Russell Kirk saw it coming. As the Cold War was winding down, the father of modern conservatism was invited to the Heritage Foundation to lecture on America’s brightening prospects. As he celebrated with his friends the “death of Marxist ideology,” Dr. Kirk pointedly warned us against a new “ideology of democracy.”

“Various American voices have been raised these past few months to proclaim enthusiastically that soon all the world … will embrace an order called ‘democratic capitalism,’” said Kirk. “It seems to be the assumption of these enthusiasts—many of them members of the faction called Neoconservatism—that the political structure and the economic patterns of the United States will be emulated in every continent, for evermore.”

“Democratic capitalism” is “neoconservative cant,” said Kirk. It is an ideological folly to attempt to recreate in foreign lands with utterly different cultures what 200 years of American history produced here. Said Kirk, this manic drive by democratists to do so in Saigon led to the murder of Diem and the loss of South Vietnam.

Kirk hailed as a peerless Cold War leader that “elderly and eminent conservative,” Ronald Reagan. Reagan’s foreign policy, said Kirk, was “wondrously successful, with the exception of his failure in Lebanon.” Just so. In Lebanon, Reagan intervened in a civil war where no vital interest was at risk, and 241 Marines paid the price.

Kirk also noted the gathering disaster in Africa. Democratists in Europe and America had helped strangle the Rhodesian regime of Ian Smith and were pressing sanctions to bring down Johannesburg.

Was Kirk not prophetic? Was he not right? Today, Marxist-racist Robert Mugabe is seizing white-owned farms in Zimbabwe, and starvation looms. South Africa is a crime-ridden and AIDS-infested nation slowing sinking toward failed-nation status.

Like all ideologues—be they Marxist, socialist, or Wilsonian—democracy worshipers attribute their disasters not to a flawed ideology but a lack of energy. We should, they argue, have gone back into Lebanon in force after the bombing at the Marine barracks and occupied Somalia after U.S. Army Rangers were massacred. But this is folly. There was never any vital U.S. interest at risk in Beirut or Mogadishu worth sending any U.S. soldiers to die for.

Today’s democratist prattle about converting a post-Saddam Iraq into an Arab model of “American values” calls to mind LBJ’s burbling on about “building a Great Society on the Mekong.”

Not long ago, America stood for freedom. When was our love of freedom replaced by this cult of democracy? What do we mean by democracy? Orwell said he might be more enthusiastic about democracy if only he could find someone who opposed it.

What has one-man, one-vote produced in Africa? Virtually all the fifty-odd African states have reverted to tyranny, tribalism, or genocide. Africa was better off under colonial rule.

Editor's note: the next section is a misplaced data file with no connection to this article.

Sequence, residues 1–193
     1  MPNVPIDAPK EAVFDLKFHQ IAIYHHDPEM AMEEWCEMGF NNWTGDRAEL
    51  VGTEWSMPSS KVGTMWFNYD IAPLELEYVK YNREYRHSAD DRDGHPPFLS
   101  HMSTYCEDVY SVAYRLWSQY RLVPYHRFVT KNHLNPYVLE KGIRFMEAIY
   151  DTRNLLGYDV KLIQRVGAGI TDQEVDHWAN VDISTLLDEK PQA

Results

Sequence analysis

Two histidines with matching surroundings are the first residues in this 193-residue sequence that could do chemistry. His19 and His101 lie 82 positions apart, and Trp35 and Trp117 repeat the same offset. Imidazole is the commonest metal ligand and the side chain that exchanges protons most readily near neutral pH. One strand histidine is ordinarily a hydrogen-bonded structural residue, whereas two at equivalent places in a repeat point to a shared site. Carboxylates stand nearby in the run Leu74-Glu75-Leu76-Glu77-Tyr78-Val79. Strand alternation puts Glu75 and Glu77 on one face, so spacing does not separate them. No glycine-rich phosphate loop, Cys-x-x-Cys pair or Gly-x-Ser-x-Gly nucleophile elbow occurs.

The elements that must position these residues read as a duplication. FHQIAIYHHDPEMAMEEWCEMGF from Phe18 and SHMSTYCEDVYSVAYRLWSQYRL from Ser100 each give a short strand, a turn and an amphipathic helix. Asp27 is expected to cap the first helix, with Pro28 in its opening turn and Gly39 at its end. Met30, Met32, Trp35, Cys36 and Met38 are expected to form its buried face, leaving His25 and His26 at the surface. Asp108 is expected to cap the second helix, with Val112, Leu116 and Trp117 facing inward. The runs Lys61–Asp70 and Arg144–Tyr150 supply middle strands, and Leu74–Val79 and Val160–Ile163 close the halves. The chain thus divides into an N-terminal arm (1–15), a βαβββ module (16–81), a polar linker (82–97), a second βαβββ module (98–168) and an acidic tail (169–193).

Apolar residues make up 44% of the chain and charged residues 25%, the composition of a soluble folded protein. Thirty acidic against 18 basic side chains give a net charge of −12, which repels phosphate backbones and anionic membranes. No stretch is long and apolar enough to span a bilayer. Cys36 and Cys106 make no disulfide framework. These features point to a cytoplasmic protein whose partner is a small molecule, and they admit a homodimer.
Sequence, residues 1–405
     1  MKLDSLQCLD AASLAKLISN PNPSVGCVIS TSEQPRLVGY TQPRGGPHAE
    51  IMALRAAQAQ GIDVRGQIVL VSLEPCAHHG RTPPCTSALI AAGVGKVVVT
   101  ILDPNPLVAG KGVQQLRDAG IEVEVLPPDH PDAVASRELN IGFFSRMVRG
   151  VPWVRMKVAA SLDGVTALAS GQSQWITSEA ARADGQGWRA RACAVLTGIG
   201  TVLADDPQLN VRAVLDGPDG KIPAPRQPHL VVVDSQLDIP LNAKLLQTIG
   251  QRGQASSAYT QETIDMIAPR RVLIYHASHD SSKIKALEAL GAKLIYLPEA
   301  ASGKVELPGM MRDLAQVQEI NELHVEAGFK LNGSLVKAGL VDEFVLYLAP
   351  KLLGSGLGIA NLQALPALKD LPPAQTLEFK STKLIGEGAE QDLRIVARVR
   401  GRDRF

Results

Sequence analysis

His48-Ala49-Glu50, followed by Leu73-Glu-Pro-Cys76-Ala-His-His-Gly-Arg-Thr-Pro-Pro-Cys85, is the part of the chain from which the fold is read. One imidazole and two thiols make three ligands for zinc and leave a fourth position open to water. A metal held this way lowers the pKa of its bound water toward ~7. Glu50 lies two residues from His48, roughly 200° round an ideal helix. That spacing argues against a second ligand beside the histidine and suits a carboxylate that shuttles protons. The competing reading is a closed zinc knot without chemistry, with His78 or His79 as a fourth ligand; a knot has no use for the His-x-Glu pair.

Look at South America. After repeatedly electing Peronists, Argentina is a bankrupt country whose citizens come out in Buenos Aires at night to scour garbage cans for food. Brazil, $264 billion in debt, just elected a Marxist to solve an economic crisis. In Caracas, the elected president is a Castroite who earlier attempted a beer-hall putsch and is busily immiserating his middle class.

From Algeria to Pakistan, Islamists are winning elections. In democratic Europe, liberated by America, defended by America, free nations are voting away their sovereignties to the socialist super-state EU. Anti-Americanism is rife. Not one European nation has a birth rate that will keep it alive as a true European state through this century. If this is what democracy produces, why should U.S. soldiers die to impose it on Arabs and Muslims? Why should Arabs and Muslims not resist it to the death?

The mark of a “soundly conservative foreign policy,” said Dr. Kirk, is prudence. “Its object should not be the triumph everywhere of America’s name and manners under the slogan of ‘democratic capitalism’ but … the preservation of the true national interest and acceptance of the diversity of economic and political institutions throughout the world. Soviet hegemony ought not be succeeded by American hegemony.”

Dr. Kirk was an authentic conservative. Is George W. Bush? In his campaign he echoed Kirk: “The United States must be humble … in how we treat nations that are figuring out how to chart their own course.” Today the President brays like a neocon: “The 20th century ended with a single surviving model of human progress.”

This is the hubris of the best and brightest of the Sixties, and we know what became of them. As Proverbs reminds us, “Pride goeth before destruction, and an haughty spirit before a fall.”